Feature: Cutting SIMs, changing APNs, and mobile freedom


It’s here – the first in a regular series of features! Check out my first post on Engadget, about cutting SIMs, changing APNs, and mobile freedom…

Then listen to Chris Ziegler and I on the Engadget Mobile podcast, usually recorded live every Friday at 4:30 PM ET, and posted every Saturday :)


Unboxing the BlackBerry 9530 (Storm)

Yes, I’m crashing the BlackBerry 9530 (Storm) party and I’m being fashionably late :)

Oh, I know what you’re thinking – this time, she’s gone completely mad! A BlackBerry? The Storm? With Verizon? Hush – I have a plan and I have 30 days!

See, in addition to CDMA/EVDO, the Storm supports GSM/GPRS/EDGE (quad band) and UMTS/HSDPA (2100, Europe/Asia). I’m unlocking it, and I’m taking it for a spin.

It’s only fair – I’ve already played with every other capacitive touch screen device available so far, except the Storm. Besides, the camera is nice (probably better than the competition), and I’m a sucker for good cameras on phones.

So check out the pictures, and hold on! It’s gonna be a fun ride…

Why the iPhone could change everything

I was recently reading about how the iPhone could be sold unlocked and I realized the iPhone could change everything!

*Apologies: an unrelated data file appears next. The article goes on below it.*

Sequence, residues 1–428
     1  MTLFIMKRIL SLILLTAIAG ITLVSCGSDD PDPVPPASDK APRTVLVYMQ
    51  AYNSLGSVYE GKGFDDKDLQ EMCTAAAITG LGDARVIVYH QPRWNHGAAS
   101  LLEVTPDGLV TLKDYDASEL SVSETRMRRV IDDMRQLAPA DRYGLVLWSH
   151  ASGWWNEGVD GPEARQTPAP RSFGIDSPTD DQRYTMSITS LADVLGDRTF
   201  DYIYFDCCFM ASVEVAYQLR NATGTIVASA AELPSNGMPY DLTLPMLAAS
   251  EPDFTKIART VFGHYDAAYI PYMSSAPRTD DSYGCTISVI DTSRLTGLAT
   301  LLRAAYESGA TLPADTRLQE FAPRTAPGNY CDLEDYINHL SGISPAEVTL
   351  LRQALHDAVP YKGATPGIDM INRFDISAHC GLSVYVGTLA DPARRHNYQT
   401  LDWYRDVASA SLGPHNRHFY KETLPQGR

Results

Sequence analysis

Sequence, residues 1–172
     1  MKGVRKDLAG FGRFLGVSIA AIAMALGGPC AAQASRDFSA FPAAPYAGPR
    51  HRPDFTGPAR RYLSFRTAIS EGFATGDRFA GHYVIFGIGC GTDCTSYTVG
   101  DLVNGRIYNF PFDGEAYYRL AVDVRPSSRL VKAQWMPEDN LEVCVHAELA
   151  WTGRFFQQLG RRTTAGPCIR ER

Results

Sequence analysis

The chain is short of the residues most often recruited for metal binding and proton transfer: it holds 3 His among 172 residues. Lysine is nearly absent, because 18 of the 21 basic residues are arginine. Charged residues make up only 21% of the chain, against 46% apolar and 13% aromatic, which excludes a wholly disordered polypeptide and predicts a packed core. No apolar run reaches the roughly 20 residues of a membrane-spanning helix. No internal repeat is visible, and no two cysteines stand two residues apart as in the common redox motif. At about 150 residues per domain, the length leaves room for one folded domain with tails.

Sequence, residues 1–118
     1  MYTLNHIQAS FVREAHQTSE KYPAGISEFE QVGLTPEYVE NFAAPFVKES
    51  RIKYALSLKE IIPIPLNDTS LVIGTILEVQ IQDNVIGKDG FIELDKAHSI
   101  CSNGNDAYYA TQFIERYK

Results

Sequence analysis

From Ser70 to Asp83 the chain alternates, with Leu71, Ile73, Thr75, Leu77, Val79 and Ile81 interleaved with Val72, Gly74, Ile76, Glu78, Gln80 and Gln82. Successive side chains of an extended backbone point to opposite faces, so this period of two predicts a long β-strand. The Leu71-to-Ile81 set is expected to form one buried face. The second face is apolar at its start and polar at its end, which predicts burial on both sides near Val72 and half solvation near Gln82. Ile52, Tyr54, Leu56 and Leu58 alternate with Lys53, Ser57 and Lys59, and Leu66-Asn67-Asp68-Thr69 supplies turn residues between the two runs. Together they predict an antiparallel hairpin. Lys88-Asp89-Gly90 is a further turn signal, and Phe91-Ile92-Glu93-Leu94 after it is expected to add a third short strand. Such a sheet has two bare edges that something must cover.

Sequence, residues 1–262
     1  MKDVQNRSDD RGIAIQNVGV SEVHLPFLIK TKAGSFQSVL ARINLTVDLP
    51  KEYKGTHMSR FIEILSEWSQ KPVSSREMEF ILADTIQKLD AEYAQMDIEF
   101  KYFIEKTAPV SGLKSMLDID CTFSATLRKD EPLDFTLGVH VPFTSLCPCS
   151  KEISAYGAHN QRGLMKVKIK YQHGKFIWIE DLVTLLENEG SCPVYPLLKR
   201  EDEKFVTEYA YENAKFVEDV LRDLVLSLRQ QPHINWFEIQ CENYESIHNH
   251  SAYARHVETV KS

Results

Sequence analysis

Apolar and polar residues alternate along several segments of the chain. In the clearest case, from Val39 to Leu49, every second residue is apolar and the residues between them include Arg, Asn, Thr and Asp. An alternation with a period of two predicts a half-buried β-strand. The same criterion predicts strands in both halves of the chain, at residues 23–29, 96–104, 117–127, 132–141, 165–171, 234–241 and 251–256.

By “everything”, I don’t just mean the slick design, user interface and software integration, although sometimes even the obvious is lost on some people. By “everything”, I mean the very way US customers buy a phone. They don’t appear to think twice about spending $300 on an iPod, yet they accept getting locked into a crappy 2-year contract by US carriers in exchange for a free (or cheap) – yet crippled – phone…

Of course here’s the real question: assuming it’s sold unlocked, will US customers think twice about spending $300 on an iPhone? I hope not.

Then Verizon and Sprint would be screwed, Cingular and T-Mobile would benefit, GSM would make serious inroads in the US at the expense of CDMA. It would promote competition amongst the US carriers, thus increasing contract flexibility and customer service quality.. In turn Nokia, Sony Ericsson, and Samsung would start selling more unlocked phones directly.

It’s a win/win situation.

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